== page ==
The cinema has always borrowed from other artistic disciplines and opera is no exception. From Visconti to Bertolucci, Scorsese to Coppola, and De Palma to Bergman, many of the great film directors have entertained close ties with the world of opera. It would be unrealistic to indulge in an exhaustive listing, but we can attempt to identify the different types of relationships.
The most absolute association is the adaptation of an entire opera. The producer Daniel Toscan du Plantier (1941-2003) made a speciality out of it calling it “Opera Film”. He produced the films by Joseph Losey (Don Giovanni, 1980), Frédéric Mitterrand (Madame Butterfly, 1995) and Benoît Jacquot (Tosca, 2001). These were not just pieces of filmed theatre, but rather, cinematographic works in their own right, in which the film directors kept their creative freedom even though confronted with the constraints of adaptation (fidelity to the original text, the need to respect narrative continuity…). In the interests of realism, Joseph Losey requested that the recitatives and the harpsichord for his Don Giovanni, be performed and recorded live during the shooting of the film. Similarly, one can cite Ingmar Bergman’s Swedish masterpiece The Magic Flute (1975) which offered a complete audio-visual correspondence with the performance of Mozart’s opera.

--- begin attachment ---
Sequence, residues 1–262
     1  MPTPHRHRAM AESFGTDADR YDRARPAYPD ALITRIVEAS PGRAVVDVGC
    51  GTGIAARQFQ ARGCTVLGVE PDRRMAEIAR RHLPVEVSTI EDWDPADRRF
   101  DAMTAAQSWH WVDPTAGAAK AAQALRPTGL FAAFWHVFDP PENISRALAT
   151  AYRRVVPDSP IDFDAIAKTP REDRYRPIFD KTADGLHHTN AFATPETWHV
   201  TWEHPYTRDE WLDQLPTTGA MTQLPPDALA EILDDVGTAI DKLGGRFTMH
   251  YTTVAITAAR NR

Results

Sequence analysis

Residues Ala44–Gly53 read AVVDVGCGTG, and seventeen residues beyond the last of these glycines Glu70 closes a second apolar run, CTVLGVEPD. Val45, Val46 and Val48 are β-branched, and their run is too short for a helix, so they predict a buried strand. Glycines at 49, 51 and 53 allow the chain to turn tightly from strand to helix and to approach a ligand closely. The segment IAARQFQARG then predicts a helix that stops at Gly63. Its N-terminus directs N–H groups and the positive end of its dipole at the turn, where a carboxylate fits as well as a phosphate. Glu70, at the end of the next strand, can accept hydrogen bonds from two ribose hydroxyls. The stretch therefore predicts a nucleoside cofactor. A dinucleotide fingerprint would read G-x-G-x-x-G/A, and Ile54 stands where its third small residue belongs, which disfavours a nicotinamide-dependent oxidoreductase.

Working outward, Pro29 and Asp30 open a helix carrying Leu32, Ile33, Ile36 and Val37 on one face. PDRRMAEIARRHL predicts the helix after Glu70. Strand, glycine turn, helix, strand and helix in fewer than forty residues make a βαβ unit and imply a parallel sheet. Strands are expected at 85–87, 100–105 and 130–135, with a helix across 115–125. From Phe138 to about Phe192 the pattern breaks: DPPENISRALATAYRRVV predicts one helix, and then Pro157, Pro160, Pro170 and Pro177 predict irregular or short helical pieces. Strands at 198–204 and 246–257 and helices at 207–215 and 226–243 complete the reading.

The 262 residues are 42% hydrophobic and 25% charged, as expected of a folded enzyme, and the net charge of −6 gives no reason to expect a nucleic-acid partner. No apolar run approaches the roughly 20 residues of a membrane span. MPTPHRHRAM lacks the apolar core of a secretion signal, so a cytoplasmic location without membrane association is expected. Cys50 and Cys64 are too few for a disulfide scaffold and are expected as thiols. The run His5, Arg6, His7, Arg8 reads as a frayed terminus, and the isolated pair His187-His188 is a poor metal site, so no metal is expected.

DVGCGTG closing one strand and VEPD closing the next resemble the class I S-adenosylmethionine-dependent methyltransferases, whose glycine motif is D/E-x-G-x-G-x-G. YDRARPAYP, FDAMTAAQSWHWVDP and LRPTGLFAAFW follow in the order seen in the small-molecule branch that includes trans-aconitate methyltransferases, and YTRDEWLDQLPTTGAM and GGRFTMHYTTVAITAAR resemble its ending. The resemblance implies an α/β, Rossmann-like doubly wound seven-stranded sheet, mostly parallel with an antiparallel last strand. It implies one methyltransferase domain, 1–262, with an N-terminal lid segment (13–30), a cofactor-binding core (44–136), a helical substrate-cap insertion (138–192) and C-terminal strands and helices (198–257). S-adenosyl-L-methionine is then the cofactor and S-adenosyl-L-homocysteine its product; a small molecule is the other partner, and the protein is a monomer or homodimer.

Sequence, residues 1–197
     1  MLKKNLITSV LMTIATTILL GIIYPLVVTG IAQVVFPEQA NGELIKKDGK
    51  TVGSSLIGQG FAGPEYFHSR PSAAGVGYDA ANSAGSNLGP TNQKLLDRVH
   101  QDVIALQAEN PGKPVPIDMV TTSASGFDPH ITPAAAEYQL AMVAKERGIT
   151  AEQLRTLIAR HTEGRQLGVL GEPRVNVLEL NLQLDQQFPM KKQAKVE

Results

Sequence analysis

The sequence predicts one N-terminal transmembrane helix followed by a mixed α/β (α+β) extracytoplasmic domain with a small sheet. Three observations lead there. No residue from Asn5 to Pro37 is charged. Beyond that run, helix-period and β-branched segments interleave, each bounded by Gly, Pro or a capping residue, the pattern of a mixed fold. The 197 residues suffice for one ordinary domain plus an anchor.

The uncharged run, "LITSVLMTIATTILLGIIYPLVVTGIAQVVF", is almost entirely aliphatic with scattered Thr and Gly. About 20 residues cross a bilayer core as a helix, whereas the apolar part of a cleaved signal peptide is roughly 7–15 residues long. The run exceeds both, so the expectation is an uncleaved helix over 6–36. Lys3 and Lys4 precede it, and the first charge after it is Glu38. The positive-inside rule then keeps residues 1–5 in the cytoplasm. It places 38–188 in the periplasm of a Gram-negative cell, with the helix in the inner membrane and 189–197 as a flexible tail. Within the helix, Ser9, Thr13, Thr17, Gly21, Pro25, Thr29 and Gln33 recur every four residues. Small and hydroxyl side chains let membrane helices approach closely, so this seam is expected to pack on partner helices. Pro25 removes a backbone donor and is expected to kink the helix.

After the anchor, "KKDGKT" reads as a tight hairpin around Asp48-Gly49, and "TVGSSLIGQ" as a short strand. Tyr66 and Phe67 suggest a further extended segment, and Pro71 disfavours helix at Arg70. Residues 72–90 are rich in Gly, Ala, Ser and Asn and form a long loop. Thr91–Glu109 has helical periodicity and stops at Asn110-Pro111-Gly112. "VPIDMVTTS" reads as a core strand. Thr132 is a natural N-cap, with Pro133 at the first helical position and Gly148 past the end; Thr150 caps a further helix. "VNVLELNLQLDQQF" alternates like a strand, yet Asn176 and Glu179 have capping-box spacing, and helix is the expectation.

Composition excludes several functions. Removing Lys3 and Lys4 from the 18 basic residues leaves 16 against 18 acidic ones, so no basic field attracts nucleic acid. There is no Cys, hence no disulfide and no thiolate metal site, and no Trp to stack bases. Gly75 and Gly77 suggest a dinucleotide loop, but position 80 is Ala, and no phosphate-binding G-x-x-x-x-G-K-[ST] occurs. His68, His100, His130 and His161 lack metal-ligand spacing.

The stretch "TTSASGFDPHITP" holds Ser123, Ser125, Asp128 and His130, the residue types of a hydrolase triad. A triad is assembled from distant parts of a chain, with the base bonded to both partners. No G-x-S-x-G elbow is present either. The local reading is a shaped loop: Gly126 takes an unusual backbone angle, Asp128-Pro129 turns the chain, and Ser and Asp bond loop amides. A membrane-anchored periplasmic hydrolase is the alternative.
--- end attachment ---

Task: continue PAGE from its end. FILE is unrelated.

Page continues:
The marriage between cinema and opera also comes into play in the choice of film locations. American blockbusters have used opera as a backdrop for some of their most spectacular scenes. In the 22nd James Bond film (Marc Foster’s Quantum of Solace, 2008), gunfire erupts during a performance of Puccini's Tosca. In Mission impossible: Rogue Nation (Christopher McQuarrie, 2015), Tom Cruise, pursued by the CIA, takes his former colleague to the Vienna Opera where we hear Puccini’s Turandot and Mozart’s Marriage of Figaro. Sherlock Holmes is no exception either (Sherlock Holmes: A Game of Shadows by Guy Ritchie, 2011). He goes to the Paris Opera where Mozart’s Don Giovanni is being performed. Francis Ford Coppola is by far the most voracious: he shot a 45-minute finale for The Godfather III (1990) at the Palermo Opera featuring the prelude of Pietro Mascagni’s Cavalleria rusticana. That famous borrowing also marked the hundredth anniversary of the opera which was first performed in 1890. The same Intermezzo also features in Martin Scorsese’s Raging Bull (1980) and in the closing theme music for On Guard (Philippe de Broca, 1997).